We’re at a bar. Actually, we’re at a speaking event hosted by a bar. Eight speakers talked of Darwin Awards and veganism and brain chemistry and infinity. I talked about infinity. The night is now late. The event is now over. The speakers spoke. Now everyone is sipping beer and chatting in small groups. I join a table of three in the corner. Is this chair free? I sit down. I draw one of their portraits. The three stare. This isn’t what they expected when they said “yes, this seat’s free.”
Yes, it takes a few moments for them to resume talking. Now I am the subject of conversation. The one I draw has a question for me: “do you think we discover math,” he asks, watching my two hands drawing his picture, “…or that we invent it?” I give him my take: patterns in data are there whether they mean anything or not; whether it is chance or something deeper is behind I don’t trouble myself about. Yes, I reply, We discover math. We discover these patterns.
This isn’t the response he wants to hear. He’s spent a week in a meditation retreat, eating once daily and staring at walls. I’m a guy that just gave a talk about hierarchies of sizes of infinity impossible to truly comprehend, now handing him a portrait of himself, drawn with two hands. These are strange circumstances. So he decides to ask a strange question: “What are your thoughts on existence and experience and the universe?”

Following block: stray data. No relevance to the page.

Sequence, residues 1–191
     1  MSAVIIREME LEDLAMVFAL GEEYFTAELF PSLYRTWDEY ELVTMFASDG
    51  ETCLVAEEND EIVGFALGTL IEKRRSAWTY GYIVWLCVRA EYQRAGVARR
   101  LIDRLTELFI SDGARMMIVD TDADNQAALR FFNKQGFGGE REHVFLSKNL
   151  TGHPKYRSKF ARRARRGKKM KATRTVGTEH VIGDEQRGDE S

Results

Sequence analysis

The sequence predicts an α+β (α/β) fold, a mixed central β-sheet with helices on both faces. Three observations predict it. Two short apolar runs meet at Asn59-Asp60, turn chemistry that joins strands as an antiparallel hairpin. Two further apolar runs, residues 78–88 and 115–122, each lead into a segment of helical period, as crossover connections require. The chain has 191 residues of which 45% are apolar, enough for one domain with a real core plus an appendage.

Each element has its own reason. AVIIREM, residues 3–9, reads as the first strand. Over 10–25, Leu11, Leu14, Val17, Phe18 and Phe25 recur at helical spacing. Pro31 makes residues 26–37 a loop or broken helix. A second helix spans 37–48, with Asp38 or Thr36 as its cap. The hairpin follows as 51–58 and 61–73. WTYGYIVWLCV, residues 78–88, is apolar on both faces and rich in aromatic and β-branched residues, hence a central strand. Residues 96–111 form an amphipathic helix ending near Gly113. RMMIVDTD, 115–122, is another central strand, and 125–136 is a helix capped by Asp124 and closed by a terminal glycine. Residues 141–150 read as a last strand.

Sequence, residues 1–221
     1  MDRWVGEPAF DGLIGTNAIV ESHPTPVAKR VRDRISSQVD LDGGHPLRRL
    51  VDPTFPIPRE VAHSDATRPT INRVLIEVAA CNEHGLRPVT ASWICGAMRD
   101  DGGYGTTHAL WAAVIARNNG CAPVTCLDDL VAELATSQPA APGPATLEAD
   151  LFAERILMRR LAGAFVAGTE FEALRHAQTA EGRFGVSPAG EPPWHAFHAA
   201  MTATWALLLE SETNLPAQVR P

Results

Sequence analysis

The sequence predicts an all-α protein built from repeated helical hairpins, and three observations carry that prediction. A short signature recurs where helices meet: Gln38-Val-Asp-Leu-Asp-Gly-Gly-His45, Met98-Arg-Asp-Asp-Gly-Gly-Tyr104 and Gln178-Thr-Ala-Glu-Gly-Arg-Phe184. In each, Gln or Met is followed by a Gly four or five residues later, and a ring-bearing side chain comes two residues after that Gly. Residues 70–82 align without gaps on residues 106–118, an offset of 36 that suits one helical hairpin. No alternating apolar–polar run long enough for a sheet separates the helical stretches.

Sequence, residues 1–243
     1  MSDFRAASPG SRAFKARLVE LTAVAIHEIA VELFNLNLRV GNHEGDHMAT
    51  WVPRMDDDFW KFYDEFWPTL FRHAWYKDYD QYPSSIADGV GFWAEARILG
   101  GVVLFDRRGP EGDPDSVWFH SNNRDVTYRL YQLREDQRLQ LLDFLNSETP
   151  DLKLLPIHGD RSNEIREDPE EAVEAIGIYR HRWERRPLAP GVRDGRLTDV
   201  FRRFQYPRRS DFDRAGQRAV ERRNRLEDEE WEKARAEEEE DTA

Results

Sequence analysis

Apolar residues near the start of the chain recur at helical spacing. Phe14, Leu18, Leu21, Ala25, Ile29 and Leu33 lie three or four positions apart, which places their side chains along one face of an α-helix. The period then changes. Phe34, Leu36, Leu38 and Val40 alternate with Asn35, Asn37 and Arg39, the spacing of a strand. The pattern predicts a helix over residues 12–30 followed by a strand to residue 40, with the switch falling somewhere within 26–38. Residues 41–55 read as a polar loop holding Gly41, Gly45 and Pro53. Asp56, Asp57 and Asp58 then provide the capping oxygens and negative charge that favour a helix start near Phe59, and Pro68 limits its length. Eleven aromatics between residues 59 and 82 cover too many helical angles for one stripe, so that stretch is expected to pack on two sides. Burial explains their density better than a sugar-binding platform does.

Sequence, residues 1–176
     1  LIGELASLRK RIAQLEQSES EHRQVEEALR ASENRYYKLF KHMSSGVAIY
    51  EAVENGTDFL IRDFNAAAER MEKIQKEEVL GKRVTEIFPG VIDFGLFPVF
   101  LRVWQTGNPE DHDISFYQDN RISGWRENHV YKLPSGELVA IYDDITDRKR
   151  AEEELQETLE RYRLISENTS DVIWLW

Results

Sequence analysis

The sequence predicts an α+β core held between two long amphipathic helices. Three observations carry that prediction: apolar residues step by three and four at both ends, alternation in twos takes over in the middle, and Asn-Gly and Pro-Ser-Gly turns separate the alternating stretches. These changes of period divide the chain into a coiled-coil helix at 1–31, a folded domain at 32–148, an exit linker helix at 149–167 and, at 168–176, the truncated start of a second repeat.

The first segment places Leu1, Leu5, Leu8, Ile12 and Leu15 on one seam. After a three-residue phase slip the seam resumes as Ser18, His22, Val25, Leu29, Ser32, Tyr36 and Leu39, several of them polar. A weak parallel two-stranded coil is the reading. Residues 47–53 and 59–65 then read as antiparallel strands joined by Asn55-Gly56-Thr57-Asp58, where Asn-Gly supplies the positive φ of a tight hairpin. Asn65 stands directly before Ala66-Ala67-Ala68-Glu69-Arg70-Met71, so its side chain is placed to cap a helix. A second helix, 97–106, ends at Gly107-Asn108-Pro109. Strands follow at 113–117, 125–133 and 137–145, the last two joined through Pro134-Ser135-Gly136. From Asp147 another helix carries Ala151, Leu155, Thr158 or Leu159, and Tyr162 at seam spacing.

I take a moment. What can you say to a question like that? Under what context do you ask someone a question like that? It’s flattering to be asked about the meaning of life by a sixteen-year-old. It’s flattering to be asked what one should do with her life by a fourteen-year-old; by a new high school grad; by a college freshman. But this gentleman is older than I.
It’s strange I’ve come to accept that answering these kinds of questions comes with my hobby. I don’t know all the answers. I’m just a beginner, learning as I go. I only answer what I can.
Nevertheless, she takes notes. There are four of us at this table: two speak of existence, experience, and the universe, one with glasses listens wordlessly, and the last takes a piece of paper, a pen, and jots my words down as I say them. She’s a quiet type—preferring to make herself invisible at the table than join the discussion—but you can tell there’s a lot going on between her ears. It’s a strange night. It’s strange to be asked these kinds of questions. It’s stranger to see someone recording my responses in careful scrawl to remember them by.